The most common method to prevent Cross-Site Request Forgery (CSRF) attacks is to append unpredictable challenge tokens to each request and associate them with the user’s session. Such tokens should at a minimum be unique per user session, but can also be unique per request. By including a challenge token with each request, the developer can ensure that the request is valid and not coming from a source other than the user.
The easiest way to check whether an application is vulnerable is to see if each link and form contains an unpredictable token for each user. Without such an unpredictable token, attackers can forge malicious requests. Focus on the links and forms that invoke state-changing functions, since those are the most important CSRF targets.
A9-Using Components with Known Vulnerabilities
The second last in the list is Using Components with known vulnerabilities
The issue is that modern software is made up of dozens, if not hundreds, of third-party components. Even if the code we write is secure, the other components we are using may not be. We might be using an out-of-date version of a library that has a known vulnerability. Or we might be using a component that depends on another component that has a known vulnerability. It can be hard to keep track of all the dependencies in our code, much less keep up-to-date with all the versions and the potential problems with those versions.
“Components, such as libraries, frameworks, and other software modules, run with the same privileges as the application. If a vulnerable component is exploited, such an attack can facilitate serious data loss or server takeover. Applications and APIs using components with known vulnerabilities may undermine application defenses and enable various attacks and impacts” – in accordance with OWASP.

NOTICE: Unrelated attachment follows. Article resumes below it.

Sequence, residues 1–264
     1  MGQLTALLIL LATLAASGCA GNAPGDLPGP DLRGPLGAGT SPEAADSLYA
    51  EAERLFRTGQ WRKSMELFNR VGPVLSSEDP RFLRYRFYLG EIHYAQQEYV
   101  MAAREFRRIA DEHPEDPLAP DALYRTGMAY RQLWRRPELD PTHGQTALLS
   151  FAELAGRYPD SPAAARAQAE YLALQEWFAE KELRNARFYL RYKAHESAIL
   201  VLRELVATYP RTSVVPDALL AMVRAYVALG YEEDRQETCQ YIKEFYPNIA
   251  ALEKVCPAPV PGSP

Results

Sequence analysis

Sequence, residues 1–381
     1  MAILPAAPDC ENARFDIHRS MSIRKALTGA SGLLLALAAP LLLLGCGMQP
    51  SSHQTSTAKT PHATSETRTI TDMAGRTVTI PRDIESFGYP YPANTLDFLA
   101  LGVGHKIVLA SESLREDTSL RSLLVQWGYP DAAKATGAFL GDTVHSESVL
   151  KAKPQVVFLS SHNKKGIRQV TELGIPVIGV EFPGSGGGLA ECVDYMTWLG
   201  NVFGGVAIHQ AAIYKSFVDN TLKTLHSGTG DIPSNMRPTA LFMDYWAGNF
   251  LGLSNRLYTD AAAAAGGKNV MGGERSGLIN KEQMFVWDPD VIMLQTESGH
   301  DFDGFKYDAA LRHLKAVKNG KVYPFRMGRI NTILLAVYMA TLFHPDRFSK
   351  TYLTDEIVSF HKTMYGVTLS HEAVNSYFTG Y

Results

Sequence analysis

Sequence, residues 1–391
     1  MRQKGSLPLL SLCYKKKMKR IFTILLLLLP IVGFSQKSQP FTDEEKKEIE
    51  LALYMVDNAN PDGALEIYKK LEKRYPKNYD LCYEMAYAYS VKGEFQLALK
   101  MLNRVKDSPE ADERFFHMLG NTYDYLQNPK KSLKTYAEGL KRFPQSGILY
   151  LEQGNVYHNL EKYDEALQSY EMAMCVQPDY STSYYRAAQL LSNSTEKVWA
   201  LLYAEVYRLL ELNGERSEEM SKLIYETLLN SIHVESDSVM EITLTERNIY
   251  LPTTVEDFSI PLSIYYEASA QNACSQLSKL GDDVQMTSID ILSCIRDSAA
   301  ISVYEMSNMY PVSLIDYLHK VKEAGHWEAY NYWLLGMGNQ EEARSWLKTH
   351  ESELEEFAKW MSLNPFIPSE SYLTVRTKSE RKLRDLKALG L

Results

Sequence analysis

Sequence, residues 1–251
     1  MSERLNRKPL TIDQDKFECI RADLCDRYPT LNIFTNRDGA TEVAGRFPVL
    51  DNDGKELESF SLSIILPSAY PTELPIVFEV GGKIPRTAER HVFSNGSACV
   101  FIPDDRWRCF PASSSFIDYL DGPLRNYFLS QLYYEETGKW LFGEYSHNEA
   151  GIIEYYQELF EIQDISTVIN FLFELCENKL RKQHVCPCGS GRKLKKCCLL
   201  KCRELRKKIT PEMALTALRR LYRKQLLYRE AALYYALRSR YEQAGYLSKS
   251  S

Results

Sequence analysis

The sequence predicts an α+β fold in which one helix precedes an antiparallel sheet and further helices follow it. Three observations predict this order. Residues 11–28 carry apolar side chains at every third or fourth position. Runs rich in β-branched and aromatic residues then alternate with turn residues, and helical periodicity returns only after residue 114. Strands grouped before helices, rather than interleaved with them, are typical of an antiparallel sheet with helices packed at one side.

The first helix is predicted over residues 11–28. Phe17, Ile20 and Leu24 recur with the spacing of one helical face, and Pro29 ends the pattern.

- If the components, framework, etc. of an application are not properly designed in a secure way, then the attacker takes this as an advantage to break your system.
- If the exposed service methods are not properly validated with strong tokens, the hacker has an opportunity to break your system.
- If the application is not tested end to end properly, to validate such attacks, then the attacker may again take advantage and break your system.
- Open SSL library. A software component often used to help secure data used by web applications. In 2014 the Heartbleed bug was discovered in OpenSSL. This bug allowed data encrypted with the SSL/TLSroutines in OpenSSL to be compromised. It’s since been fixed. Update your OpenSSL if you haven’t yet!
- BASH Unix shell. The venerable BASH shell,that has been in use for two decades, was discovered in 2014 to have vulnerabilities that allowed command line injections to execute commands. These were dubbed Shellshock. The BASH shell has since been patched to address the issues. Again, update BASH if you haven’t done so recently.
How to avert?
- Identify all components and the versions that are being used in the web apps not just restricted to database/frameworks.
- Keep all the components such as public databases; project mailing lists etc. up to date.
- Add security wrappers around components that are vulnerable in nature.